Cooking the perfect steak is very much about your preference and taste, but there are some techniques that no matter how well-done you like your meat to be, will take you from an amateur griller to a home chef capable of creating a perfect, steakhouse quality piece of beef.
It all starts with the meat. Finding a quality purveyor is the single most important part of making a great steak. If you pick up an on-sale, paper thin, or hormone-injected steak, it's just not going to taste as good as that meal you had at Morton’s. Find a butcher that takes great care in the ranch they source their beef from. If you can find a butcher that dry ages his steaks, buy them. They will have more depth and flavor than cuts that aren’t aged.
Next, choose your cut. There are a lot of choices on the market, but a few simple rules of thumb will help you choose your favorite. Cuts of beef are labeled according to the level of marble they contain. (Red meat has various amounts of intramuscular fat, giving it an appearance similar to a marble pattern). Prime cuts will have more marbling than a select cut of beef. A cut with less marble means less flavor, but it'll be more tender. For example, filets are the most tender with the least amount of fat, but that comes at the price of a little less richness in flavor than others. The ribeye is the most marbled cut and provides the most juicy, rich flavor. The New York strip and sirloin cuts lie in the middle, and many believe the sirloin to be the best value cut of meat.
Once you have your choice cut, a few simple techniques will make your steak the best you've ever had.
1. Season your steak generously with kosher salt. Never, ever use iodized salt for this. (In fact, it’s best to never use iodized salt for any cooking since it’s processed and has four times the sodium of organic salts.) Kosher salt has less sodium and provides a truer, more flavor-enhancing benefit to the steak.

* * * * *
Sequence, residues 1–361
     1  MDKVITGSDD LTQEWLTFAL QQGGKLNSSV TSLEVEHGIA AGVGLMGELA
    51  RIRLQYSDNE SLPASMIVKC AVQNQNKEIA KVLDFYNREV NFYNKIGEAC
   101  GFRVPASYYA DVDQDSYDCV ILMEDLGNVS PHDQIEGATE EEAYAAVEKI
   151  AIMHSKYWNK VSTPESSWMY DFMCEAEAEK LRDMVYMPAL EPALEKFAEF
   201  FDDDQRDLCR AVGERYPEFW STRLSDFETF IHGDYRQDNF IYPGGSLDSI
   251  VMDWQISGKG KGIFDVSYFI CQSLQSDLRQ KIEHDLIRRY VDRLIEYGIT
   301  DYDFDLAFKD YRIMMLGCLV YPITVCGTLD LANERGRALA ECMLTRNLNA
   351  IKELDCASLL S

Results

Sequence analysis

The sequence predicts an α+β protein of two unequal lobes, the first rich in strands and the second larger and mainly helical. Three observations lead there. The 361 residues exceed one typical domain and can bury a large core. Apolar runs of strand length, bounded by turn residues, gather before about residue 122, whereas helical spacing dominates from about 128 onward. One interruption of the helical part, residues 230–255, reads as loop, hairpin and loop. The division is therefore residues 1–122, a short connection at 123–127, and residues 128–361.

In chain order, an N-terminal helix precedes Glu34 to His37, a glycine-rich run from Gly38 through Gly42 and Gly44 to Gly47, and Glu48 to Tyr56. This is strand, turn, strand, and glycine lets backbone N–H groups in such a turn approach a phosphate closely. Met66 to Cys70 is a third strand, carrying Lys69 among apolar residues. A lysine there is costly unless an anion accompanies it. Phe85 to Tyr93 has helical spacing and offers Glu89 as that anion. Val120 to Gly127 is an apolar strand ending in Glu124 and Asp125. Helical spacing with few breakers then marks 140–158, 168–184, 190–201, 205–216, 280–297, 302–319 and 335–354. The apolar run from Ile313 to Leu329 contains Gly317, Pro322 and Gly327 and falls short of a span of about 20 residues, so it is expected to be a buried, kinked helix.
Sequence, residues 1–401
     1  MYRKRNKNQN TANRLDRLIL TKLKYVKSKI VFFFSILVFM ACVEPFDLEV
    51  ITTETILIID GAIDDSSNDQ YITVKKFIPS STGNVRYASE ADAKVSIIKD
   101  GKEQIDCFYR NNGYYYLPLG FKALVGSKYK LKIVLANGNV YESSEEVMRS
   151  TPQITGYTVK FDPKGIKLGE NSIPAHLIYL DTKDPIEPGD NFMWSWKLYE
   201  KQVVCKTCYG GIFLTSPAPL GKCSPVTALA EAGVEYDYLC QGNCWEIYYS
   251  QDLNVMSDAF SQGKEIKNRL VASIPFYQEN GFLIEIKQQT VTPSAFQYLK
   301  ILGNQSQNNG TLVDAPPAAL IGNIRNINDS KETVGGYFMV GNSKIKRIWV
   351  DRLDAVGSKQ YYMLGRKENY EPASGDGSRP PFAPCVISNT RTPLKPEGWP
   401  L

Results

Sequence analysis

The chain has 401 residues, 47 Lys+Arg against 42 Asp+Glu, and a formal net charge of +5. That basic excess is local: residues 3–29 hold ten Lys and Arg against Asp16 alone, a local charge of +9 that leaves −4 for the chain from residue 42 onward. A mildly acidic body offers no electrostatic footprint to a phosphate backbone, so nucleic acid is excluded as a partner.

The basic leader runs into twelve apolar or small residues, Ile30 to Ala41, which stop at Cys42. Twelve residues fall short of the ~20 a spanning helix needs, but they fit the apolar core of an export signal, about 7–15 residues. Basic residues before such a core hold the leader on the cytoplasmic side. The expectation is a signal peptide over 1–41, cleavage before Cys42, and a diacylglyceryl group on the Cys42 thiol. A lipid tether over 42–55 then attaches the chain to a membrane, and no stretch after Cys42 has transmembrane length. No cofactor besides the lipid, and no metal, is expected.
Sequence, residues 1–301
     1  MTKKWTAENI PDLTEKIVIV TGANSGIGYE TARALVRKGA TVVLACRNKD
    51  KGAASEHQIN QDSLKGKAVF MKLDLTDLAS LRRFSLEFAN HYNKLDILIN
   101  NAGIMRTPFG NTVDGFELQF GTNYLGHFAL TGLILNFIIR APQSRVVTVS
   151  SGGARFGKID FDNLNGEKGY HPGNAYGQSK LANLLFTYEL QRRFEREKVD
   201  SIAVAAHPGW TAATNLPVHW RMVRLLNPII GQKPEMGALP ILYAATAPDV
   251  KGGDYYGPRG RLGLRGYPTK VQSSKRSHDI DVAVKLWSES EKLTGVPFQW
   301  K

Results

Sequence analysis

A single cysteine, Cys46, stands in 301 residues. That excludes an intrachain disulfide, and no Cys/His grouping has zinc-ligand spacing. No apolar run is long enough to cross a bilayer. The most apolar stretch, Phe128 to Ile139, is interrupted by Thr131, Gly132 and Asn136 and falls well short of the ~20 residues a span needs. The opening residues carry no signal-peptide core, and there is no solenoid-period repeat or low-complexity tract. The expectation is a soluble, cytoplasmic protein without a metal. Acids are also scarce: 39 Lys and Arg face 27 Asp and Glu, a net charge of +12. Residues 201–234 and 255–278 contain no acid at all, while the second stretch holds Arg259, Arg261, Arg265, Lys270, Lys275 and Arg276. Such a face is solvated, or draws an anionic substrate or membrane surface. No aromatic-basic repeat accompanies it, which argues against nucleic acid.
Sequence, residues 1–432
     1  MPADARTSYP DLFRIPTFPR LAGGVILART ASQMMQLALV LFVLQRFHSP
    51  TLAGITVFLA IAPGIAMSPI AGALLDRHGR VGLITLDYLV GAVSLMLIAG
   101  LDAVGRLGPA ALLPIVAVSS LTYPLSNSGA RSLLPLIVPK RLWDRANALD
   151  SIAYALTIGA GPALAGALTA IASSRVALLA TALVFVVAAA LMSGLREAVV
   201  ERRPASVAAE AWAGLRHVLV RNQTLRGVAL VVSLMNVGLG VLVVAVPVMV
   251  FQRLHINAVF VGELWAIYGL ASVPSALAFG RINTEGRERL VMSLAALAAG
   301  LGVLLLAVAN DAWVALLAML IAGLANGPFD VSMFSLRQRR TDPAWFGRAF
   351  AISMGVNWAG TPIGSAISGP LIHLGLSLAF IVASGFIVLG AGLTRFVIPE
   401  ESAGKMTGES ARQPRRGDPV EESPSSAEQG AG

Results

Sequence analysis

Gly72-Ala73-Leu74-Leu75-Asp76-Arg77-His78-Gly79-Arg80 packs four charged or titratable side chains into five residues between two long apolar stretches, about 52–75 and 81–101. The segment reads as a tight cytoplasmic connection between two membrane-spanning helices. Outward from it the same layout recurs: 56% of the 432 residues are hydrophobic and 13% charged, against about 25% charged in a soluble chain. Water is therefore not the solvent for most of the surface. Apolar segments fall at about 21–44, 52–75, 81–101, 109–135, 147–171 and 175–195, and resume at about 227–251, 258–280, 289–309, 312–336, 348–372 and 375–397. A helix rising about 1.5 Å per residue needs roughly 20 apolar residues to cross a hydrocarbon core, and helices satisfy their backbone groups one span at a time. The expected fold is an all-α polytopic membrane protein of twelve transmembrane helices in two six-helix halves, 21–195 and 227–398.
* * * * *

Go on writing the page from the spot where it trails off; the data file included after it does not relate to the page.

2. Once you’ve seasoned the steak, let it rest until it reaches room temperature. The FDA suggests you can leave a steak out for up to four hours. Since you're going to cook the outside of the beef at an incredibly high temperature, you needn’t worry about keeping it refrigerated.
3. A little secret: no steakhouse serving $75 cuts ever grills their steak. Instead, they broil or pan roast them to perfection. Doing this keeps the meat from acquiring a black char that detracts from the rich flavors we all love. Ideally, you want to get a good brown caramel on the outside to add to the juicy inside.
4. For those of us without big broilers in our home kitchen, the pan roasting method will give the closest flavors to that of the steakhouse. Preheat your oven to 475ºF. Heat an iron skillet with no oil on the stove until it’s super hot. Add your room temperature, seasoned steak to the skillet, and cook for four to five minutes until a nice brown sear forms. Then, flip the steak and transfer it to the oven. Cook in the oven for five to 10 minutes depending on your desired level of doneness.
5. Filets tend to be best served on the rare side. As you move into ribeye territory, you’ll want to get the fat nice and hot, so a medium-rare temperature will melt the fat into the meat – providing one of the best tastes you’ve ever had.
6. Do not cut into your steak to measure temperature. Doing this will cause the juices that you seared inside the beef to leak out, making the steak dry. A good rule of thumb (literally) for testing temperature is to put your thumb to the base of your pinkie and feel right below your thumb with your other hand. That area is what the steak will feel like medium-well. Now move over to your index finger – that's medium. Your middle finger will be medium-rare, and your ring finger will be rare. The more firm the steak, the more well-done it will be. If you learn what it feels like, you'll never need to cut into your steak again.
7. The last tip for cooking a perfect steak is to let it rest. Remove your steak from the oven, and let it hang out for six to eight minutes. This will let the juice settle inside the steak and keep it from running all over your cutting board.
Some like to slice the steak before plating, but you can serve the entire steak as well. Another little secret is to squeeze a bit of lemon over the steak. This adds a touch of acid, tenderizing the steak and balancing its richness. Serve yours with sautéed mushrooms and onions, oven-roasted asparagus, and/or your favorite potato recipe…and of course a big glass of a bold red wine!
Practice makes perfect. You’ll have to give it a couple of tries to figure out what you like best in terms of cut, temperature, and level of doneness, but these simple techniques will take you from that over-charred, backyard amateur to a steakhouse pro!